Fosamax Safety Issues And Dosage

Osteoporosis is a bone-weakening condition that affects more than 8 million women in the U.S. each year and causes more than 1.5 million serious spine, hip, and wrist fractures. These fractures are serious in themselves, and are, in fact, a frequent cause of death and long-term disability in older women. Treating and preventing this serious condition gives patients many years of quality life. The drug Fosamax has been a leading therapy for this condition since it was approved for use by the FDA in 1995.

Preventing the bone loss that leads to these fractures eliminates a serious cause of death and disabling injuries and prevents long and painful recovery times.

Reports of possible side effects from Fosamax and the generic version, Alendronate, have raised questions which are being taken very seriously in the medical community. Fosamax is a main drug prescribed to address osteoporosis and pre-osteoporosis conditions. It strengthens weakened bones and prevents further bone loss. The benefits of this drug have been demonstrated to last at least 10 years.

Before patients lose the significant advantages of this therapy, the questions about possible problems need to be addressed.

What Is Fosamax?

Fosamax is a drug that is prescribed for the treatment of post-menopausal osteoporosis, for prevention of osteoporosis in post-menopausal women, as well as, for men at risk for osteoporosis, and in the treatment of Paget’s disease, a bone disease. It belongs to a class of drugs called bisphosphonates. Fosamax works by increasing bone mineral density. It slows resorption, which is the breakdown of normal bone remodeling. Fosamax is the oldest of the bisphosphonate drugs, has been used the most and studied the longest. The generic name for Fosamax is alendronate.

Fosamax Dosage

Daily and Weekly Dose Option. The dosage for treatment of osteoporosis in both men and women is 10 mg daily or 70 mg once a week. The dosage for prevention is 5 mg daily or 35 mg once a week. The drug is available in both pill and liquid form, with the dosage and the protocol the same for each.

There is an important procedure to follow when taking the drug to avoid possible negative interactions with foods or other medications. Instructions for taking the drug include taking the tablets with 6 to 8 ounces of water at least 30 minutes before taking any food, liquid, or medication of the day. Taking other liquids, including mineral water, foods, and medication, may interfere with absorption of the drug. The patient is directed to remain upright and to not lie down for at least 30 minutes after taking Fosamax and then only after some food has been taken. Because this protocol is the same for both, the daily and weekly doses, many patients prefer the weekly option.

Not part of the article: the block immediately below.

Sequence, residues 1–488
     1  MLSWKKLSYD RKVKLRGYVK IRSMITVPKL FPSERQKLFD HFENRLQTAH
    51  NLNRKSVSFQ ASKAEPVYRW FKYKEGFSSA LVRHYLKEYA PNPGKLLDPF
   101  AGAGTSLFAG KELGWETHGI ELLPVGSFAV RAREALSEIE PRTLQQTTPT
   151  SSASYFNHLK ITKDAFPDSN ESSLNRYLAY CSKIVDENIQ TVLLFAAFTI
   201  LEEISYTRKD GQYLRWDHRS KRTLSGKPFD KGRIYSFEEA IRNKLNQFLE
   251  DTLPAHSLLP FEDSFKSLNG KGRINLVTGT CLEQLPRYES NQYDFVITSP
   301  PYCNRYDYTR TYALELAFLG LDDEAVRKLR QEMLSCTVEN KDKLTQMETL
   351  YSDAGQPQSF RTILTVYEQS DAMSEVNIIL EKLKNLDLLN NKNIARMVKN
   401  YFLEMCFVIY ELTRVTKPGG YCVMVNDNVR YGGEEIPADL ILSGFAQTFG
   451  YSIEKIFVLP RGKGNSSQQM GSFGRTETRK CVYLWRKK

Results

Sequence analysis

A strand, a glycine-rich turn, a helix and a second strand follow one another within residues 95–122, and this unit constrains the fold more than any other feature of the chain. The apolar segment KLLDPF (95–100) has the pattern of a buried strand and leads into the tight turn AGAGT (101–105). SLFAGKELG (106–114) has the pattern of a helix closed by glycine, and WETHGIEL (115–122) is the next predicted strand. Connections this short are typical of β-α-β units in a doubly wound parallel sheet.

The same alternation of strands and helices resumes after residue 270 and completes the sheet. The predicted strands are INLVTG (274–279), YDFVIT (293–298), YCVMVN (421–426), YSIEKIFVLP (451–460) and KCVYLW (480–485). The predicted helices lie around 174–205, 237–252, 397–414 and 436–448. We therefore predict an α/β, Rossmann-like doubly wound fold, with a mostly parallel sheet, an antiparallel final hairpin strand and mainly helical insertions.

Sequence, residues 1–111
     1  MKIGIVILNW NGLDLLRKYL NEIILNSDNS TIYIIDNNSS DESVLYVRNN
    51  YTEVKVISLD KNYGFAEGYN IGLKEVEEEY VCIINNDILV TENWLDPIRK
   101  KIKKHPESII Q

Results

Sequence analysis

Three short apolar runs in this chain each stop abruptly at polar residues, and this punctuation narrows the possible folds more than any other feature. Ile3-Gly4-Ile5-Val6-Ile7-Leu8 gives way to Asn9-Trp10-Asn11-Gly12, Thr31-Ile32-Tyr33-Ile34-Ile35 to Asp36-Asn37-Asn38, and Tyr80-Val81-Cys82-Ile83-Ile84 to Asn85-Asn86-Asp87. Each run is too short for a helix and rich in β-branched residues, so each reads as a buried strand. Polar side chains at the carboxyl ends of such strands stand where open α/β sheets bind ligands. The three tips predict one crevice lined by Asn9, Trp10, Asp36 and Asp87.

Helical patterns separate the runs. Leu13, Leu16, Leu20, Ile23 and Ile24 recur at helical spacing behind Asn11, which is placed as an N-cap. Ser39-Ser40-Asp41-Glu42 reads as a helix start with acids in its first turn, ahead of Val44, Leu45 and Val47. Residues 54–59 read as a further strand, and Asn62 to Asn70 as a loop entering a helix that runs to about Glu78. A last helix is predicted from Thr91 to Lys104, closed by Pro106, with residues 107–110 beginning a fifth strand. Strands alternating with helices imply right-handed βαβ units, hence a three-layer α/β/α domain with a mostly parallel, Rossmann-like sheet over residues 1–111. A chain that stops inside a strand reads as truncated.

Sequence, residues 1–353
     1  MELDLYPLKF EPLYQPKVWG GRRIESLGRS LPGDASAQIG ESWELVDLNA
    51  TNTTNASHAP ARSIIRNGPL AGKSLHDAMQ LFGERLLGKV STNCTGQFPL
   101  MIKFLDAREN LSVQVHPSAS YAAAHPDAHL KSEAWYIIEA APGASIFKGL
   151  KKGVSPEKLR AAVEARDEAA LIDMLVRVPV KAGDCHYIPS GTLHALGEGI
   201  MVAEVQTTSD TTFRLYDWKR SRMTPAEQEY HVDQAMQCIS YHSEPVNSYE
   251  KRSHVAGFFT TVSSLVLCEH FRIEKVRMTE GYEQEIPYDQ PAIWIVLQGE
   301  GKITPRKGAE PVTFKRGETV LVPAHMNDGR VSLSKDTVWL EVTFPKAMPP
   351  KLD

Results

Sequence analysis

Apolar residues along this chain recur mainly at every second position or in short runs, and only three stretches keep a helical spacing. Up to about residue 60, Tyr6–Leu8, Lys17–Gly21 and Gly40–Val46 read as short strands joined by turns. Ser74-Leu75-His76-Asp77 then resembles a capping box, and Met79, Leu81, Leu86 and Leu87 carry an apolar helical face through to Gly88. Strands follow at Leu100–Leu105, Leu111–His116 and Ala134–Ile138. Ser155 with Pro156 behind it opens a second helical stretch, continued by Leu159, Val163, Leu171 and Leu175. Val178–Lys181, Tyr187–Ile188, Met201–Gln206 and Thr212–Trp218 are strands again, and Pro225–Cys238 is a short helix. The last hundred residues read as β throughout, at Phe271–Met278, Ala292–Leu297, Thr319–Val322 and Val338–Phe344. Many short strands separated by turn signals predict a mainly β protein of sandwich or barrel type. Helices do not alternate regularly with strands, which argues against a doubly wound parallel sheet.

Long-Term Potential

The optimal length of time the drug can be taken has not yet been determined. The drug has been demonstrated to be effective at continuing to improve bone density for a period of at least 10 years. It is not known whether longer treatment remains effective, or if it may actually cause some of the possible side effects. It is recommended that for patients at low risk of fracture, physicians consider discontinuing use of the drug after a 3 to 5 year period. Continuing evaluation of the risk potential for fracture should occur after discontinuing the drug.

Some doctors place their patients on a break after a number of years on the drug. Bisphosphonates are known to remain in the bones for a long time after the drugs are stopped, so studies are being done to determine the real impact of discontinuing the therapy.

While most patients tolerate Fosamax well, stomach ulcer and irritation of the esophagus are common side effects and other serious and even life threatening side effects have been identified.

Dangers Associated with Fosamax

Several possible serious side effects of Fosamax include: stomach ulcer, atrial fibrillation, osteonecrosis, esophageal cancer, hypocalcemia or low blood calcium levels, non-trauma induced fractures of the femur or thighbone, and severe musculoskeletal pain. The FDA has required the Fosamax label to include warnings of the possibility of osteonecrosis of the jaw, hypocalcemia, atrial fibrillation and severe musculoskeletal pain. The FDA evaluated the potential risk of esophageal cancer and determined that there was no evidence that Fosamax was a cause. However, there are competing studies that continue to suggest a link. More study is needed to fully assess the dangers.